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Friday, July 30, 2021

Australia’s plant-based protein sales double in a year

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Sales of plant-based protein in Australia nearly doubled in 2020, as a third of the country limit their meat consumption, according to a new report.

The plant-based protein industry underwent massive growth in Australia in 2020, with a 46% rise in sales as more and more Australians take a more plant-based approach to their diet.

Food Frontier’s 2020 State of the Industry report, commissioned by Deloitte Access Economics, found that apart from sales, manufacturing revenue, workforce and number of retail products also doubled. Deloitte said that a third of Australians are limiting their meat consumption, which partly explains the reason behind this growth.

Food Frontier added that plant-based meat promises the greatest immediate potential and commercial opportunity in the alt-protein category, with record investment attributed to an increasing awareness about its economic and societal benefits as well as its role in feeding the future.

In December 2020, Australia’s plant-based meat industry comprised 22 companies, doubling from 2019’s 11. Between those years, the volume of vegan meat manufacturing in Australia increased by 70%, with companies pushing for a greater use of local ingredients in their products.

The report said that the value to the Australian farming sector’s crops like pulses and legumes to the alt-meat industry is becoming more recognised. But local plant protein processing infrastructure needs significant investment to cater to the growing demand.

Noting that Australian plant-based meat is lower-priced than imported counterparts — around A$3.50 (£1.95) less per kg, Food Frontier called it an encouraging sign that the increased available of local products is helping bring down prices.

The report also found that a very high proportion of plant-based meat is not being purchased before use-by dates and thus going to waste, adding that while placing it in the regular meat aisle has been successful, the shorter shelf life has to be taken into consideration.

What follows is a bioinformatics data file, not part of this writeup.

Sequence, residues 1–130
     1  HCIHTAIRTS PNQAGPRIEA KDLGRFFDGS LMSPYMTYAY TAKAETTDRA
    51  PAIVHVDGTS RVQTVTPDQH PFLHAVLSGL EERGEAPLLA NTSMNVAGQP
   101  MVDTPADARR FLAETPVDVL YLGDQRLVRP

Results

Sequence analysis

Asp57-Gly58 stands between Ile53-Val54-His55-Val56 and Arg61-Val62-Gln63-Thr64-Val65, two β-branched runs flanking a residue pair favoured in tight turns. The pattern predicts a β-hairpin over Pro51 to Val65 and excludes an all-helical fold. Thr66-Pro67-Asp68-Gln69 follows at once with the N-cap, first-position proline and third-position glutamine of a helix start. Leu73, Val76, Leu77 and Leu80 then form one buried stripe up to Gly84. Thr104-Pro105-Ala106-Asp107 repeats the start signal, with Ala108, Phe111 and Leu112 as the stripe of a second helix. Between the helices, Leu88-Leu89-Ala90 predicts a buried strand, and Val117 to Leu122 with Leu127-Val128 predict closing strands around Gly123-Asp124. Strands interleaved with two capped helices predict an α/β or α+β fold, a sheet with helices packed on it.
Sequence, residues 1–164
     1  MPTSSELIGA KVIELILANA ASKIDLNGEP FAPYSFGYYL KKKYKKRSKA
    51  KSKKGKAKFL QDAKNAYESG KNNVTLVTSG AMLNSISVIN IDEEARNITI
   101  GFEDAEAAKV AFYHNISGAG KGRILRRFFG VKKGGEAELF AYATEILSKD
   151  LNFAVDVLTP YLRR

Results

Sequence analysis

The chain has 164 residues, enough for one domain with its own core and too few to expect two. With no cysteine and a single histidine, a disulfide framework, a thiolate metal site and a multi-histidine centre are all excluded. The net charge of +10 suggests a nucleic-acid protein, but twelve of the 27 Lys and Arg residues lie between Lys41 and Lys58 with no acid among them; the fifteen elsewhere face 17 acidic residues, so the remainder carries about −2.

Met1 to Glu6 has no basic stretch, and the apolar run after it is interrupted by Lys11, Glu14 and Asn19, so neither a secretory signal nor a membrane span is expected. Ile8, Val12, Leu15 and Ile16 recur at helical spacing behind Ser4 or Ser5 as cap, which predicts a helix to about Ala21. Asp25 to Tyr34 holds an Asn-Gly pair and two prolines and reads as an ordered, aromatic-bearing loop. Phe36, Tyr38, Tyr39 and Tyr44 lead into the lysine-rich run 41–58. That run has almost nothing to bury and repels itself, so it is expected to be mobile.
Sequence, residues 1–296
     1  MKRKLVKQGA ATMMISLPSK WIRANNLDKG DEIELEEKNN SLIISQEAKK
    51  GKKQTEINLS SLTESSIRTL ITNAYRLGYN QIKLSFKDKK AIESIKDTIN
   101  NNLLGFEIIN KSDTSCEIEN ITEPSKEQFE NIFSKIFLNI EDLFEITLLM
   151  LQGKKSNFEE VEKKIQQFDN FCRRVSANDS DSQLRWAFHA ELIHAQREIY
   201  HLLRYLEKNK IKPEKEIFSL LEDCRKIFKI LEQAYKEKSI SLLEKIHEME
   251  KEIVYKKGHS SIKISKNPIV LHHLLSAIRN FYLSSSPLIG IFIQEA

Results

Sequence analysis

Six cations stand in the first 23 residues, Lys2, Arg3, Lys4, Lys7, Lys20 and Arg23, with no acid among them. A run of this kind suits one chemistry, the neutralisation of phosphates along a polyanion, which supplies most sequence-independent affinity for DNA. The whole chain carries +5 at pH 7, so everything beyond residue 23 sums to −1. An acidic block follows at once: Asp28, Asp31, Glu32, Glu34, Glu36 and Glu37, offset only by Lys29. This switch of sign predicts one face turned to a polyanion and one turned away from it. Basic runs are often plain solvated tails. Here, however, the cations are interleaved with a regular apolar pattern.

Employment also increased in the sector, with a 106% rise in workers. The direct full-time equivalent roles rose by 137% to 246 workers, with an additional 301 making up the indirect ones (an 87% increase). The industry also saw a higher number of production workers employed, reflected by the drop in average wages from AU$94,000 to AU$73,000 (£52,293 to £40,611).

Food Frontier CEO Thomas King said: “Australia can build a multibillion-dollar plant-based meat industry, enabling our food businesses and farmers to capitalise on fast-growing global demand for alternative proteins.

“Australia has the agricultural capacity, commercial appetite and research knowhow to become an international leader in new protein industries including plant-based meat. To not make the early investments necessary to leverage these unique strengths would be a missed opportunity.”

Anay Mridul
Anay is the managing editor of The Vegan Review. A journalism graduate from City, University of London, he was a barista for three years, and never shuts up about coffee. He's passionate about coffee, plant-based milk, cooking, eating, veganism, writing about all that, profiling people, and the Oxford Comma. Originally from India, he went vegan in 2020, after attempting (and failing) Veganuary. He believes being environmentally conscious is a basic responsibility, and veganism is the best thing you can do to battle climate change. He gets lost at Whole Foods sometimes.